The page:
The Hazards of Riding Too Slowly

Why too much resistance and too slow a cadence is a bad combination.

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Since indoor cycling involves pedaling to nowhere on a stationary bike, you might think your pace really doesn't matter. But that’s not true. Your cadence is an important factor. Just as riding super fast with little resistance on the bike is ineffective, perhaps even dangerous (if your feet slip out of the pedal cages or clips), pedaling too slowly with heavy resistance on the bike is also risky business (and concern about getting bulky thighs should be the least of your worries).

Loading on the resistance to the point where it’s a struggle to keep the pedals moving smoothly and your cadence drops to 40 or 30 RPMs might make you feel like you’re really pushing your limits but it’s not a good idea. You might think that you’re activating your slow twitch muscles or building greater muscle strength but you may just be putting excessive stress on your knees, hips, and lower back. (This is one reason the Spinning® program advises keeping your RPMs above 60 when climbing a hill.)

You’ll also cause greater and faster muscle fatigue and deplete your glycogen stores (forms of glucose your muscles rely on for energy) more quickly. Research from Hungary found that with heavier resistance and slower cadences, activity in the hamstring muscles increases at a higher rate than quadriceps activity does; if done regularly, this pattern could lead to the development of muscle-strength imbalances and injury.

What’s more, if you end up pulling on the handlebars to get the force you need to keep the pedals turning when you’ve cranked up the resistance, you could injure your shoulders and upper back, too. This is another reason why it’s essential to maintain good form—by keeping your hips, knees, ankles, and feet in their proper alignment—when you’re pushing heavy resistance and/or cycling at a slower cadence.

So here’s the upshot: If you really want to build leg strength, you’d be better off getting off the bike and going to the strength-training area of the gym to use weight machines or do squats and lunges. If you want to crank up your sprint and endurance performance, increase your resistance but also keep your RPMs above 60. A 2009 study from New Zealand found that when competitive cyclists performed sets of high-intensity cycling sprints at a low cadence (60-70 RPMs) in training sessions on stationary bicycles over four weeks, they improved their 60-second average power and their peak power more than those who did sets of high-intensity sprints at a high cadence (110-120 RPMs) did.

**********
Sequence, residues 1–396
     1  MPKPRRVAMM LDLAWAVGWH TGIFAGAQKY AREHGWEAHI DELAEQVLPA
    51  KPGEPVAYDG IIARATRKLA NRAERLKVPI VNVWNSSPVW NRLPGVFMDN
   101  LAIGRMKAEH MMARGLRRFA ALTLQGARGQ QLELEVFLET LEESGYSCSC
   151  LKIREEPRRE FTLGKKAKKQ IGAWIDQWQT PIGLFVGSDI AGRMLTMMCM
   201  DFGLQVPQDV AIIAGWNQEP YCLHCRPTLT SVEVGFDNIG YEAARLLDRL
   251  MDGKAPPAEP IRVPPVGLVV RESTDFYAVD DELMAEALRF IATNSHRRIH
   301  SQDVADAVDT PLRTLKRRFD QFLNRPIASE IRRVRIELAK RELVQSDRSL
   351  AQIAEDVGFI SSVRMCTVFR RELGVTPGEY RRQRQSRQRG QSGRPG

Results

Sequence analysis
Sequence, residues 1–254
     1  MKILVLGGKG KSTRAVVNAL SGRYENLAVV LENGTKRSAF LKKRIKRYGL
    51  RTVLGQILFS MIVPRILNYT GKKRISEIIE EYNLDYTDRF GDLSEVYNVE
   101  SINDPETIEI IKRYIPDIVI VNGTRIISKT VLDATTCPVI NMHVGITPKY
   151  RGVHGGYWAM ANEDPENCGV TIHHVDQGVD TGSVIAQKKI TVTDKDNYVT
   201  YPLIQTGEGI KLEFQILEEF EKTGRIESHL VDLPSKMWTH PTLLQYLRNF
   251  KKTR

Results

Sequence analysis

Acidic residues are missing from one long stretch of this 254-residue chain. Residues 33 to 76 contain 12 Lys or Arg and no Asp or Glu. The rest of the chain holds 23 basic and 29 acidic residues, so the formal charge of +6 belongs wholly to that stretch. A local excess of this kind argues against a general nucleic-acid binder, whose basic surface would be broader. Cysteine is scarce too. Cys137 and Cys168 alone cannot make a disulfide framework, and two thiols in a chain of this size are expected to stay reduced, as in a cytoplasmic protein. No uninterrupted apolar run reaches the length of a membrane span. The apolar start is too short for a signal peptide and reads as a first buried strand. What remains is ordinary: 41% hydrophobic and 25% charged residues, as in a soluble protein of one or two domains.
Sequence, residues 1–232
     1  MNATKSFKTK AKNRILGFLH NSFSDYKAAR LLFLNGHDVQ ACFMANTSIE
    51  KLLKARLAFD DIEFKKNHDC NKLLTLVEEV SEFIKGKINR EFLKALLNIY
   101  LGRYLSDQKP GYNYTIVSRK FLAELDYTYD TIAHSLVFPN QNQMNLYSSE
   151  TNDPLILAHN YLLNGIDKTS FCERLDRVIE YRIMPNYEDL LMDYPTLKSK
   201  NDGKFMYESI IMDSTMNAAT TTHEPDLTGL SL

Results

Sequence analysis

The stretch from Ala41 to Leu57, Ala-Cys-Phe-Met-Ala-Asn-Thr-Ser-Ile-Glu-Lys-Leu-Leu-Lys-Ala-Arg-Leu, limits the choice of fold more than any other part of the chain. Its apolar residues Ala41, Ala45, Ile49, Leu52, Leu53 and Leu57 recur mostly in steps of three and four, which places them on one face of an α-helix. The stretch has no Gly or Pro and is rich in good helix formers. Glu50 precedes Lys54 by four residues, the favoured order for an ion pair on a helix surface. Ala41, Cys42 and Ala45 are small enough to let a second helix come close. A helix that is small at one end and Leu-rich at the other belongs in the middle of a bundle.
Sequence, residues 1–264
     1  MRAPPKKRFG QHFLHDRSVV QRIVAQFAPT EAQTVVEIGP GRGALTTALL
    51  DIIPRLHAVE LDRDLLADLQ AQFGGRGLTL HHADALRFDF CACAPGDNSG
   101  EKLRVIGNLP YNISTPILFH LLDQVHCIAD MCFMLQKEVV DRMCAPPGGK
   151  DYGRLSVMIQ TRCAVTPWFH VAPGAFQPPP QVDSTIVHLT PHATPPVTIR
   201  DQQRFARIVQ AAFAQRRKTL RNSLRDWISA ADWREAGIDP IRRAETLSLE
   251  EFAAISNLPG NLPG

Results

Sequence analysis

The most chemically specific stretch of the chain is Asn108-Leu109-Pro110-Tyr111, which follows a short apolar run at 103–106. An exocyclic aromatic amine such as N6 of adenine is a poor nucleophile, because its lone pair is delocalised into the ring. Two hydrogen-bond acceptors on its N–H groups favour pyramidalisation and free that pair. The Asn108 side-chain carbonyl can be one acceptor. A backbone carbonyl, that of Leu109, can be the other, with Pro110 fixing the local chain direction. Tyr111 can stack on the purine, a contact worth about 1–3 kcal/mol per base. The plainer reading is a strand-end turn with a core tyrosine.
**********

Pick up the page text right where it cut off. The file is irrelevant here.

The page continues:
Some exceptions to this guideline: If you're a seasoned cyclist and you want to train to climb steep hills outdoors or really challenge yourself indoors, my feeling is that it’s okay to let your pace or cadence drop to 50 RPMs when there’s heavy resistance on the bike—but only for brief periods of time (two minutes or less at a go).

But don’t sacrifice your form—that’s not negotiable! If you can’t sustain a 50-RPM pace or maintain proper form at a heavy resistance, you’d be better off dialing down the resistance or dropping a gear so that you can stay above 50 RPMs and maintain optimal cycling posture. If you need to contort your body or pull on the handlebars to keep the pedals turning, you have too much resistance on the bike—it’s that simple!

Ultimately, it’s not worth the risk of straining a leg or glute muscle, your back, or a joint to max out the resistance on the bike. With indoor cycling, you’re trying to build fitness, endurance, and cycling technique, not feed your ego. Pace + resistance will get you to the right prize.

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